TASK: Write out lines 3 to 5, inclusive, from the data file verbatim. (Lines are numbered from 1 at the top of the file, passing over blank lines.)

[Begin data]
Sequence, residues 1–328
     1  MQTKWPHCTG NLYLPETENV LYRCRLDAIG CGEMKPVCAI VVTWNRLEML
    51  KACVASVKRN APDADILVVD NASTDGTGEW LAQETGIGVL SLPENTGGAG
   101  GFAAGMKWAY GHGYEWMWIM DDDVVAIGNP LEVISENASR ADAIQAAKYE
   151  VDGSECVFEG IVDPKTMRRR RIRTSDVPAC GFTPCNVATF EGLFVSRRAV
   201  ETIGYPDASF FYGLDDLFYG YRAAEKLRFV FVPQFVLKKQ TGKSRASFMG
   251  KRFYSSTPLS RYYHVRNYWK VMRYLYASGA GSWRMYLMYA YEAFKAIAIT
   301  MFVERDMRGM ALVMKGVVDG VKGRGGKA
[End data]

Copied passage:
    51  KACVASVKRN APDADILVVD NASTDGTGEW LAQETGIGVL SLPENTGGAG
   101  GFAAGMKWAY GHGYEWMWIM DDDVVAIGNP LEVISENASR ADAIQAAKYE
   151  VDGSECVFEG IVDPKTMRRR RIRTSDVPAC GFTPCNVATF EGLFVSRRAV